Hepatocellular adenoma subtype classification using molecular markers and immunohistochemistry


  • Potential conflict of interest: Nothing to report.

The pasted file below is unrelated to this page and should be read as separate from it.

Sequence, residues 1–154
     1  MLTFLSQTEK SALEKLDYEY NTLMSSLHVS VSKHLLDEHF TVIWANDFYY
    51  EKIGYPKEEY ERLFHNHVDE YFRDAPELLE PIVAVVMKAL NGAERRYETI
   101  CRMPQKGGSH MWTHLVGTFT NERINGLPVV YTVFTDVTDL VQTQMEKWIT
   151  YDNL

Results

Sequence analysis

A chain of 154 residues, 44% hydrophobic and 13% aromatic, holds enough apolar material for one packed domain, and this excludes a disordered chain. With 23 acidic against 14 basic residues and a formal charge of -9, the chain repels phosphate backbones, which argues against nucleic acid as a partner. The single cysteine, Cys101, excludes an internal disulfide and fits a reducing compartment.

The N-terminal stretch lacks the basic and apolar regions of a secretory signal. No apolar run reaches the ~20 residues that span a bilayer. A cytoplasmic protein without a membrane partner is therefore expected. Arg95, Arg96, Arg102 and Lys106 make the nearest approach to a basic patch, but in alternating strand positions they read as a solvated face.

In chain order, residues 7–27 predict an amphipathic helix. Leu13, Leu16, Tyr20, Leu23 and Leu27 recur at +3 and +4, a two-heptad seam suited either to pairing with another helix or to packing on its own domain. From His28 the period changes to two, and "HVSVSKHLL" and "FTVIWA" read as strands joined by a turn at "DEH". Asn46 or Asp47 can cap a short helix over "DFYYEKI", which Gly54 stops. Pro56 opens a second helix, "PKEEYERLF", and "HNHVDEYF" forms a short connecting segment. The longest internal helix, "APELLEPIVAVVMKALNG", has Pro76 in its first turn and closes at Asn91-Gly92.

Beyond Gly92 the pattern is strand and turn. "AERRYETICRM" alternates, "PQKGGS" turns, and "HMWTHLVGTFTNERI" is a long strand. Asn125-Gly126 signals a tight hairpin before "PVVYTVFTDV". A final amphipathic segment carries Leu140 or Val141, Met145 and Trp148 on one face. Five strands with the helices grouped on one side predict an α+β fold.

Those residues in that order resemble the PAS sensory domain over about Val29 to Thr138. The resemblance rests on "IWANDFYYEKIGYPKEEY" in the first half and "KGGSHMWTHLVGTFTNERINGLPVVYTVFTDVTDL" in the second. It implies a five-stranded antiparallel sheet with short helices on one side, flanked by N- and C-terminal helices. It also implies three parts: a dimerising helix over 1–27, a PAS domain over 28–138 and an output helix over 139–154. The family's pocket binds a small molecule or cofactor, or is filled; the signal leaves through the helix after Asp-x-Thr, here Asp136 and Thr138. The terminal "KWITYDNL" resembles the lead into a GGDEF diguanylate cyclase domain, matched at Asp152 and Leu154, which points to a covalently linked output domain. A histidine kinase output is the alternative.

Hepatocellular adenomas (HCA) with activated β-catenin present a high risk of malignant transformation. To permit robust routine diagnosis to allow for HCA subtype classification, we searched new useful markers. We analyzed the expression of candidate genes by quantitative reverse transcription polymerase chain reaction QRT-PCR followed by immunohistochemistry to validate their specificity and sensitivity according to hepatocyte nuclear factor 1 alpha (HNF1α) and β-catenin mutations as well as inflammatory phenotype. Quantitative RT-PCR showed that FABP1 (liver fatty acid binding protein) and UGT2B7 were downregulated in HNF1α-inactivated HCA (P ≤ 0.0002); GLUL (glutamine synthetase) and GPR49 overexpression were associated with β-catenin–activating mutations (P ≤ 0.0005), and SAA2 (serum amyloid A2) and CRP (C-reactive protein) were upregulated in inflammatory HCA (P = 0.0001). Immunohistochemistry validation confirmed that the absence of liver-fatty acid binding protein (L-FABP) expression rightly indicated HNF1α mutation (100% sensitivity and specificity), the combination of glutamine synthetase overexpression and nuclear β-catenin staining were excellent predictors of β-catenin–activating mutation (85% sensitivity, 100% specificity), and SAA hepatocytic staining was ideal to classify inflammatory HCA (91% sensitivity and specificity). Finally, a series of 93 HCA was unambiguously classified using our 4 validated immunohistochemical markers. Importantly, new associations were revealed for inflammatory HCA defined by SAA staining with frequent hemorrhages (P = 0.003), telangiectatic phenotype (P < 0.001), high body mass index, and alcohol intake (P ≤ 0.04). Previously described associations were confirmed and in particular the significant association between β-catenin–activated HCA and hepatocellular carcinomas (HCC) at diagnosis or during follow-up (P < 10−5). Conclusion: We refined HCA classification and its phenotypic correlations, providing a routine test to classify hepatocellular adenomas using simple and robust immunohistochemistry. (HEPATOLOGY 2007.)